Eleocharis palustris, formerly Eleocharis smallii, is one of several common, colony-forming Spikerushes in Minnesota and can be difficult to distinguish from some of the others, even when achenes are present. It is most similar to Eleocharis macrostachya and Eleocharis erythropoda, and all three were at one time considered a single species and are still identified as such in some references (including the national distribution map above). All three may be found in a variety of wet habitats, from road ditches to wet meadows to lake shores, in fresh to brackish waters. All three are also rather variable species, which confounds the situation.

E. palustris is probably the most variable of the three. Flora of North America notes 4 different variants though these do not have official variety or subspecies status at this time. These variants are distinguished by, among other things, stem width (ranging from .5 to 5 mm), whether the sheaths persist or disintegrate, and geographic area. In Minnesota, most often we've encountered populations of fairly robust plants with stout stems (3+ mm wide) in shallow water, mostly in lakes, ditches and other watery channels. Less often we've seen shorter, more slender plants especially when not in standing water.

E. palustris is generally distinguished by: stems round in cross-section, sheaths rounded to nearly straight across at the tip on the front and often with swollen veins but lacking a distinct tooth at the apex, the lowest scale on the spike is leathery and wraps less than 75% of the stem, the second lowest scale (and sometimes the third) is like the first and lacks a flower/fruit, achenes are smooth, brown and lens-shaped in cross-section, usually with 4 bristles varying from much shorter to about as long as the achene, and a whitish to dark brown cone-shaped tubercle 1 to 2 times as tall as wide. The spike is normally lance-elliptic, pointed at the tip with medium brown scales to 3 to 5 mm long that are pointed at the tip. Magnification may be required to see some of these traits.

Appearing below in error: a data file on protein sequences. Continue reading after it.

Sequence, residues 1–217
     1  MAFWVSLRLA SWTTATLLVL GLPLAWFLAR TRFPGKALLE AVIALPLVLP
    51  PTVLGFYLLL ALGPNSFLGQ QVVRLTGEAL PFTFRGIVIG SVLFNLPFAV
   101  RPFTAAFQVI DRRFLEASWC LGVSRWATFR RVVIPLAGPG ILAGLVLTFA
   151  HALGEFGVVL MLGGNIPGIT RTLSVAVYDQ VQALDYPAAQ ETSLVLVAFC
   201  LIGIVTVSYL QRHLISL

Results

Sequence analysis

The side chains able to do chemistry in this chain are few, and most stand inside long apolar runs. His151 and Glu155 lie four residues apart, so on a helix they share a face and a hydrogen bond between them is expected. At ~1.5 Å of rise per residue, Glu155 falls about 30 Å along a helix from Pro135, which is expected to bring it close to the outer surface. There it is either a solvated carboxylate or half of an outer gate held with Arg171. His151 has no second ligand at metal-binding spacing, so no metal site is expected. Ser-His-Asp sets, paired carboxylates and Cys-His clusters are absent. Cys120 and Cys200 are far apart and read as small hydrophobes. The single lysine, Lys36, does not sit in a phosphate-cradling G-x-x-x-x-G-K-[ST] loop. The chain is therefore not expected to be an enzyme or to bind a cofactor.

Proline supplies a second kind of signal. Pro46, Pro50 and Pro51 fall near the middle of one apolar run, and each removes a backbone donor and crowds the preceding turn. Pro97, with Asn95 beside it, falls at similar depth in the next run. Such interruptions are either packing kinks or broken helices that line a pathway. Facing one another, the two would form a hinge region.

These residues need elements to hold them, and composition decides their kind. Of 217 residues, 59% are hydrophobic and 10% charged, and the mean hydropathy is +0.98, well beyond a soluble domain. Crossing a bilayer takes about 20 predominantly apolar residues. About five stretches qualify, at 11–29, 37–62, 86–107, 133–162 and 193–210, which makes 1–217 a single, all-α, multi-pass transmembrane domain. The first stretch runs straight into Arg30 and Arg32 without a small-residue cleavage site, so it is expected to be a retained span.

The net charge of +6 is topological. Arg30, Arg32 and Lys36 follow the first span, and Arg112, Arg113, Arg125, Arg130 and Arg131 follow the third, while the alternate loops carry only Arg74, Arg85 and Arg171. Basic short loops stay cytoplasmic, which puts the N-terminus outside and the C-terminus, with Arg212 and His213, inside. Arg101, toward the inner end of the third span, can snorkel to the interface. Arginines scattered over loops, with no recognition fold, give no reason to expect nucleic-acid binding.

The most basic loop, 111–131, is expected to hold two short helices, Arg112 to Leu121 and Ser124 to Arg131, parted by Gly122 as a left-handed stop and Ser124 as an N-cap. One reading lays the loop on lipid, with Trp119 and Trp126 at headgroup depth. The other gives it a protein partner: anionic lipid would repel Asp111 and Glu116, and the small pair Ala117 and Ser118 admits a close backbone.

By comparison, on E. macrostachya, the lowest scale wraps 70-100% of the stem, the next lowest scale may have a flower/fruit, and the sheath often has an obscure to distinct tooth at the apex. On E. erythropoda, the lowest scale wraps 100% of the stem or nearly so, and the second lowest scale has a flower/fruit. To reiterate: these are all variable species so your mileage may vary. A fourth species, Eleocharis mamillata, also resembles this group but usually has 5 or 6 bristles that are distinctly longer than the achene, and has only been recorded 3 times in Minnesota, all in the arrowhead region near the Canadian border.

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More photos

Photos by K. Chayka taken in Anoka, Becker and Itasca counties. Photos courtesy Peter M. Dziuk taken in Anoka, Becker, Lake, and St. Louis counties.